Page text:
"How many stitches should we cast on?"

I thought that I had already explained in my introducton that I wasn't going to dictate what people did with the wire and needles.

"Cast on 10, or 5, or 3 or even only 1 stitch or whatever you want to" was my reply.

After the initial confusion at being cast into unknown waters, it went brilliantly.

One crocheter supplied her own hook.
She was determined that she could get results with the 24 gauge wire (0.56 mm), the stiffest I had brought with me.
A simple bracelet with occasional bobbles resulted.
(This was the point when I wished that I had a camera with me.)

A couple of people knitted for a while and then in desperation screwed up the resulting fabric.
That was a new idea for me, which might result in yet another new direction with wire.

I was inspired by a ring knitted from four or five different colours.

Of course cross fertilization is bound to happen at a session like this.

Until now I hadn't had much 0.2 mm wire.
I usually use 0.1 mm, which is much more flexible (and fragile!).

On the way back home, I stopped off at Q Arts for the excellent "Nazar" exhibition of photography from the Arab world.

Then a quick trawl through some charity shops, and a visit to Textile Art Studio.
I had listed them as a supplier of fine wire for knitting despite the fact that I hadn't been there since last summer.

I found three colours of 0.2 mm wire in colours that I didn't have, and had an interesting conversation with a couple of people there.

Then back home shortly before three to a cool house.
I had meant to programme the central heating to come on about an hour before my projected return.

More haste .... causes disasters

Now, I am known for procrastination.
I think my way round situations, and dive in toward the last minute.

I'd known since the end of last year that I'd be leading a workshop on "Knitting with wire" for the Derby branch of the Knitting and Crochet Guild this morning.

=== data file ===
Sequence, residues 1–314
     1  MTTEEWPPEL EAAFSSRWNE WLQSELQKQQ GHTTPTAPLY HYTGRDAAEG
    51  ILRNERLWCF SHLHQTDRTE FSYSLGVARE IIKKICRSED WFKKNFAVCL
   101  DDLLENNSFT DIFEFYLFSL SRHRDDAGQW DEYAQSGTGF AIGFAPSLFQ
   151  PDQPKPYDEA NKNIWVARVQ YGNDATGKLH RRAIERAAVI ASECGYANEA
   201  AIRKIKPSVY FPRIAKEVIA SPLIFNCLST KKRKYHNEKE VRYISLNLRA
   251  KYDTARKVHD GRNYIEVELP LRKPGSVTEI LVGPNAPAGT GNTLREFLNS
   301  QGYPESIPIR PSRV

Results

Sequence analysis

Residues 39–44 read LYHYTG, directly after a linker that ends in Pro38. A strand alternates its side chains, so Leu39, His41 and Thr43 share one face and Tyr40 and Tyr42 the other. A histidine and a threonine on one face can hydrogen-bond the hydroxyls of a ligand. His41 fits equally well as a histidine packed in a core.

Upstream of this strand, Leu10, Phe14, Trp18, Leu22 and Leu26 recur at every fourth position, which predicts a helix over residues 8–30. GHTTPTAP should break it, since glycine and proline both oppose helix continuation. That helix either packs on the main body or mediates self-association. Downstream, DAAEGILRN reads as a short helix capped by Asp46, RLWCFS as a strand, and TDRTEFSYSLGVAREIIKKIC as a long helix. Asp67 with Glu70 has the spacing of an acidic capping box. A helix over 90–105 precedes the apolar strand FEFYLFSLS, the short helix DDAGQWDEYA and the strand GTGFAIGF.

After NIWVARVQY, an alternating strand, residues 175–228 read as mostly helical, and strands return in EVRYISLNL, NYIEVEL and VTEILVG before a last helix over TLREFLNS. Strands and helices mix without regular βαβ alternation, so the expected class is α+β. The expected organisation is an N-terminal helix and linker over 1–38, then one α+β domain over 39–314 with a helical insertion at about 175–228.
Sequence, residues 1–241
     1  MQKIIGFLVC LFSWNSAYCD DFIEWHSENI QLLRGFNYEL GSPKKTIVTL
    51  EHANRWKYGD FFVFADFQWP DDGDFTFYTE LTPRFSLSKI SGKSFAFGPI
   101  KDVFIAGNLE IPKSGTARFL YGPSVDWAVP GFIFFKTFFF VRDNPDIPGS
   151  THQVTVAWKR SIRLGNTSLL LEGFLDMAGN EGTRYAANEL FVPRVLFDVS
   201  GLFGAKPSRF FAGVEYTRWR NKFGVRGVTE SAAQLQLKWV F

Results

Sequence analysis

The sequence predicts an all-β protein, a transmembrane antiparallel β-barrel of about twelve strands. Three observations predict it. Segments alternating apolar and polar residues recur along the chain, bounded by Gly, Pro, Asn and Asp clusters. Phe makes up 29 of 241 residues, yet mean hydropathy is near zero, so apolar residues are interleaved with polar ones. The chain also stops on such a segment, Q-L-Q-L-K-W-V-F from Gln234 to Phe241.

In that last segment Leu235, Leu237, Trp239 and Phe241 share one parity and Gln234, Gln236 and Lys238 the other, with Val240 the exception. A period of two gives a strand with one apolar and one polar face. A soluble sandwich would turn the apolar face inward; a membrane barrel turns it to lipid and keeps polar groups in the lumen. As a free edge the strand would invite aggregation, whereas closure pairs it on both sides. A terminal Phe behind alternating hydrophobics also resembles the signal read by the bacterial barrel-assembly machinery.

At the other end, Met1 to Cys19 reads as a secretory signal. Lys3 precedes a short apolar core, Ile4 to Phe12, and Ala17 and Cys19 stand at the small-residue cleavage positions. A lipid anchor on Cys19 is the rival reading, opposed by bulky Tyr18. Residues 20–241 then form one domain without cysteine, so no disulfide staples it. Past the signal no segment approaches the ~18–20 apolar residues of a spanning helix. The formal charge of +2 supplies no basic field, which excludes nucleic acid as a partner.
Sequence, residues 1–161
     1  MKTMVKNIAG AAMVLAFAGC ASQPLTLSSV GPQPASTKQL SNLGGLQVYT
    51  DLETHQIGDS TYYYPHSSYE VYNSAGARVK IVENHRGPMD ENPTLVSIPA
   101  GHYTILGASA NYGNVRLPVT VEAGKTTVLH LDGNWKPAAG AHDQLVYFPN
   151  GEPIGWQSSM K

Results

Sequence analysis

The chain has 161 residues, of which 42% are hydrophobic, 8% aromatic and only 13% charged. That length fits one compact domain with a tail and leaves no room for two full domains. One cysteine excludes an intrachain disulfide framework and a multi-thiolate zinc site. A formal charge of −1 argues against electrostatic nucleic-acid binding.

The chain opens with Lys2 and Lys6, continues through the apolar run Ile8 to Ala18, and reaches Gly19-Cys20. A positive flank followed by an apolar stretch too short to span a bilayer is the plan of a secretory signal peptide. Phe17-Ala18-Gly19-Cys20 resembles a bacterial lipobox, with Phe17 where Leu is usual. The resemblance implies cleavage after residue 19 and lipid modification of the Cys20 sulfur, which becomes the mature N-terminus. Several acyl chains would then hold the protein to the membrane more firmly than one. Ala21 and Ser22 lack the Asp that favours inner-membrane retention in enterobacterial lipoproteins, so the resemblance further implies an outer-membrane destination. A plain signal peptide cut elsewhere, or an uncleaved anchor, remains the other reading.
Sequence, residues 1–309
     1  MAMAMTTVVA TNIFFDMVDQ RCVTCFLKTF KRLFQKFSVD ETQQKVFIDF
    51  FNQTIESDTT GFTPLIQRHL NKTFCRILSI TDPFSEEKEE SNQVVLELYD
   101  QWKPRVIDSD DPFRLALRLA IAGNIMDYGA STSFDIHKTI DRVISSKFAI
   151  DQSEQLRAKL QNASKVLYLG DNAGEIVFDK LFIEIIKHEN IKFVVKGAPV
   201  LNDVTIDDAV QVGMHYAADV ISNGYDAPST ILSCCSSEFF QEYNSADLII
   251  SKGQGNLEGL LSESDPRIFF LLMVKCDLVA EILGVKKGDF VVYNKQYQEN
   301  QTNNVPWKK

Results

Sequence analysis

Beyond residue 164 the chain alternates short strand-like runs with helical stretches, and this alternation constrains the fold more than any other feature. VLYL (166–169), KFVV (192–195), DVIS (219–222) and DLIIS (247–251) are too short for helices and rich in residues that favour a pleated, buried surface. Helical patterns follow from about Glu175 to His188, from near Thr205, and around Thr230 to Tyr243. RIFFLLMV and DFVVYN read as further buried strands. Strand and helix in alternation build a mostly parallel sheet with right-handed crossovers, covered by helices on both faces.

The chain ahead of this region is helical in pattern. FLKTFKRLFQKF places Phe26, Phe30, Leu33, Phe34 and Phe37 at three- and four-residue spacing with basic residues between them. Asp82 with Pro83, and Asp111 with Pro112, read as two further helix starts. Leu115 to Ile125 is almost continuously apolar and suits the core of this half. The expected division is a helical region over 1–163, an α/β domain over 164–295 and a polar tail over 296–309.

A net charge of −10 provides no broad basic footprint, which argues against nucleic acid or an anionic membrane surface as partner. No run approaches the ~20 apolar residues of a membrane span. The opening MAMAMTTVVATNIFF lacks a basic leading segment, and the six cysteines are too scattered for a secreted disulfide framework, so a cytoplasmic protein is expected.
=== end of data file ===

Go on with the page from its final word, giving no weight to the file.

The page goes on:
So why last night was I still undecided exactly how to run it?
I had plenty of suitable materials for my group to knit with.
I had typed up most of a three page handout.

I had a good idea how much I could carry comfortably for the 20 minute walk through Derby from the station.
I knew which train I was aiming for.

Still in a bit of a dither as to what to leave behind, I nipped out to the reading group at the library.
I only stayed for a short while, and cycled home.

By then it was nearly 20.00, and I was at home (alone) and hadn't eaten.
I decided to steam some turnip in the microwave, while my chick peas, mushrooms and red peppers were on the stove.

That was the first error.
I didn't pay attention to how long I'd set it for, and went to put the reels of wire into a jiffy bag for this morning.
A few minutes later I suddenly remembered my supper.
What I found was a cloud of fine smoke in the kitchen.

So I switched the gas ring and the microwave off, and found a bowl containing dried turnip and smoking embers.
Took a damp cloth to cover it, and after unlocking the back door, picked up the glass plate with the oven gloves, and set it all to cool.

Then began my attempt to free the house from the smell of smoke before Stephen got in.
Fortunately, we can hook our back door open, and as it was windy I had to.
The external temperature was only just on freezing, so it didn't cool the house down too much.

I ate the chick peas, and washed out the bowl and microwave.
Then at just the wrong time of day I had to go and shower the smoke out from my hair.
The smoke hadn't clung to my clothing, but masses of it seemed to reside in my curls.